Health Update | CrohnsFighting

Stoma surgery doesn’t necessarily cure the owner of their ailments. For some it does… alas for me it has given me a few years of remission but hasn’t completely rid me of active Crohn’s disease. I have been having issues with ulcers on the end of my ileostomy since the first lockdown that keep coming and going and bringing back more friends to party. I have spent endless amounts of time emailing my IBD clinic along with photos and videos of said flare up on the end of my stoma. 

Insta abdominal abscess & CT scan

I have had about 12 stoma nurse appointments in the last year, each referral back to the IBD team stating they are Crohn’s ulcers has fallen on death ears. The whole situation with Covid has not helped and I will be honest I avoided hospital until after my first Covid vaccine where I was admitted due to a rather large fetching intra abdominal abscess that had made me go septic again. Active inflammation was picked up on a CT scan in my duodenum. This has been frustrating for me. I know when my illness is active – fatigue, hair loss, active cramps, insomnia are just a few of the symptoms. 

Thankfully my hospital appointment has led to a fair few active MDT meetings. After a video call with my surgeon last week and baring my stoma along with recent blood tests have confirmed active Crohn’s again (just what I need before our wedding). I now need a further test, an MRI to confirm how much active inflammation is currently sitting in my small intestine. 

I am now due to go for my screening tests to start on Sterela before the end of August. If it’s not under control by January then I am booked back in with my surgeon to have my ileostomy refashioned and the active Crohn’s removed from that small portion of bowel.

You may be asking why not just have it cut out now? 

My last CT scan revealed a collection behind my current stoma and my last ileo scope couldn’t get further than 8 cm up my stoma. There is either scar tissue blocking that part of the bowel or an internal fistula that is connected to different parts of the bowel. The area around my stoma site is still swollen and a little bumpy and I don’t have a hernia. 

I am so happy with my stoma. It has for the most part kept my Crohn’s at bay. It is just slightly unfortunate that with the severity of my disease that it has now jumped ship to my healthy remaining bowel. My surgeon explained to me last week that the part of the small bowel that makes my ileostomy is from my original anastomosis site where it was last indicative of active disease. It was advised after my last surgery that I would need to be on lifelong immunosuppressant therapy to keep it at bay but my GI was reluctant to place me on anything whilst the disease was inactive. 

If the Sterela doesn’t get the flare under control then I am booked back in with my favourite surgeon to have my stoma refashioned and the inflamed bowel removed. I am crossing my fingers and toes that the treatment works as I really do not want to have another surgery. My postoperative outcome after surgery is always torrid, not to aforementioned the sepsis after every surgery or the fact I have had post-op ileus every damn time.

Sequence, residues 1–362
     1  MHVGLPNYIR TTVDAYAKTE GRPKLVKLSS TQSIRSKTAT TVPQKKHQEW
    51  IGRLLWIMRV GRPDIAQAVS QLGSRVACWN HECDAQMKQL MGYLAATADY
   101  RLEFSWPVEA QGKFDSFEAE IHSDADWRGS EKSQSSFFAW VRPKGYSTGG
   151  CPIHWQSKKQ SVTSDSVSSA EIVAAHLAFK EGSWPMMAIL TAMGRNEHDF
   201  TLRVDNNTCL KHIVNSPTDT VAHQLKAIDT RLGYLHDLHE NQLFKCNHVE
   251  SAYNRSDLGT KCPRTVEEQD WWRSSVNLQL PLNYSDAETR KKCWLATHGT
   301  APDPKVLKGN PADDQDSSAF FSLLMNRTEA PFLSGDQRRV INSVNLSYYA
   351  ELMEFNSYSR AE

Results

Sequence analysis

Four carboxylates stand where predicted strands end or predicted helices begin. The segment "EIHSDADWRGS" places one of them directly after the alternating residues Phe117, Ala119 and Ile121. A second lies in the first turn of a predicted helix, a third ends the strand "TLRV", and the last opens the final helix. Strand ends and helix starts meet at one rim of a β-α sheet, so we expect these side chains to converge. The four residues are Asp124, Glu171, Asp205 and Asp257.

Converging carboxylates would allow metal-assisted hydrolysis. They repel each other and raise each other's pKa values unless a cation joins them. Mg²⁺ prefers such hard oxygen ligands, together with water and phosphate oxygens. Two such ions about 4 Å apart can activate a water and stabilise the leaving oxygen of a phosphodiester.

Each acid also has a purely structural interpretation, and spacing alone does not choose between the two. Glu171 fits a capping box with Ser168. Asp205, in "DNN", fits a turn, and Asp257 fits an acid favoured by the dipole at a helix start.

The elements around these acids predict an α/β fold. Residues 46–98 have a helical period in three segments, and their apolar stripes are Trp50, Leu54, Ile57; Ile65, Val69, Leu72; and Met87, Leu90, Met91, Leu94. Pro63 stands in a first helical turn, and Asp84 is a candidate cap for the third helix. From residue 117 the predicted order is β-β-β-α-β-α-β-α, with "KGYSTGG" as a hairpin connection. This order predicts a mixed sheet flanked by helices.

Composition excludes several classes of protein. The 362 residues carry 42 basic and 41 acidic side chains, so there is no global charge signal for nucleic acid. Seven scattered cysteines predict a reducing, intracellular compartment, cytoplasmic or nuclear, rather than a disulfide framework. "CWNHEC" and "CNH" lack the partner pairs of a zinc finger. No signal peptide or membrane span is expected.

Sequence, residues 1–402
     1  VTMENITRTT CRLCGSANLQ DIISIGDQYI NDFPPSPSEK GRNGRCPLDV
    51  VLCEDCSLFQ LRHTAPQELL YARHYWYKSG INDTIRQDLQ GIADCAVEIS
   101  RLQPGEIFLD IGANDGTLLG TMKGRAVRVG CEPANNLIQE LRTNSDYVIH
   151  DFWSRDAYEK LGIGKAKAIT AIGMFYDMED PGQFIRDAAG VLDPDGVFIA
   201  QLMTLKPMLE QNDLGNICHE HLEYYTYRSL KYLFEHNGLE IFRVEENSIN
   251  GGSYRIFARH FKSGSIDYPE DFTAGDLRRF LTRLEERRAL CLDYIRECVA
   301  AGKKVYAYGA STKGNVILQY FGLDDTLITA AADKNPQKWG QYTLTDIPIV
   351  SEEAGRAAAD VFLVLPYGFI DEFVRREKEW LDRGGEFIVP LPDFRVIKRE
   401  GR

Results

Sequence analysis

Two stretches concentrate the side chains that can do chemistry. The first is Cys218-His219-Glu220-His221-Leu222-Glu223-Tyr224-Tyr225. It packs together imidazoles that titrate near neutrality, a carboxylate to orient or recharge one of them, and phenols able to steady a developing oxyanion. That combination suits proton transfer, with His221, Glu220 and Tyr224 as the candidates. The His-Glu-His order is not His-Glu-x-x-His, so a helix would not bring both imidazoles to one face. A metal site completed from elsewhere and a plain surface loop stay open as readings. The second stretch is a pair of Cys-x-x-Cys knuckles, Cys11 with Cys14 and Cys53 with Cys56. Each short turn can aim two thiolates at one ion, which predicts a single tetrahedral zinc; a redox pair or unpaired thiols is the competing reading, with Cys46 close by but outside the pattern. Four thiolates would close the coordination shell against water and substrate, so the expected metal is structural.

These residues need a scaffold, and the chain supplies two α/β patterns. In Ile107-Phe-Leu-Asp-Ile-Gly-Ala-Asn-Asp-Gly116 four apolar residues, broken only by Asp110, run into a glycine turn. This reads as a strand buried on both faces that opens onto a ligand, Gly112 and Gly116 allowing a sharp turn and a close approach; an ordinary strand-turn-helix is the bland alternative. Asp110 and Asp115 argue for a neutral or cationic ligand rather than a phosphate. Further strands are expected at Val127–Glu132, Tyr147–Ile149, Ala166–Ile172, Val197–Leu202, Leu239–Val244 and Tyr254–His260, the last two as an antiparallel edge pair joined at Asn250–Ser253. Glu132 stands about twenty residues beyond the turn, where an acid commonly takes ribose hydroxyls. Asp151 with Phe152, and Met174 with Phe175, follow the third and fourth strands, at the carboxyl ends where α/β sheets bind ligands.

What should you look out for? 

Disclaimer: I am not a medical professional and all my blog posts are written from a first-hand perspective and are for advice and guidance. Should you experience any of the issues mentioned below please seek a medical consultation with the relevant team. 

  • Ulcers or patching on your actual stoma – they tend to be around the ileostomy including the underneath, patching and discolouration of the actual stoma ie, light pink, white or really deep red.
  • Funky output, my stoma output has been crazy. I go from extreme watery output, to being constipated (madness but with active Crohn’s you can go from excessive bowel movements to none)
  • Chills & or fever – a flare can cause you to run a fever or feel more flu-like
  • Extreme fatigue, fatigue is also an indicator – I have really been struggling to get out of bed recently
  • Mouth ulcers, ulcerated & or swollen gums can indicate a flare
  • Bruising – I keep getting bruises and not knowing where they came from
  • Insomnia. I either can or can’t sleep – being up all night emptying a flushing bag leads to sleepless nights, add in the relevant pain medication and I can’t sleep
  • Unable to maintain weight –  my weight has consistently dropped the last 8 months and has not stayed stable (weight loss is an indicator)
  • Abdominal pain 
  • Cramps
  • Bloating & wind
  • Skin infections 
  • Hair loss
  • Blood in stools

Here’s hoping the next couple of months and my first infusion gets this all under control. I am incredibly grateful that my consultant team have finally put together a game plan. The last 18 months have been incredibly hard for the NHS due to covid and I would rather deal with a flare than risk hospital at that time. I have been monitored closely and regular calls and updates have now finally got me the necessary treatment needed. Being on Immunosuppressants such as Sterela during the height of the pandemic was particularly scary and I would rather not have taken the risk. 

As always 

Many thanks for reading 

Louise Xx

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Meet the blogger: Louise

Meet Louise! She’s a blogger and ambassador for Pelican and has been for the last 3 years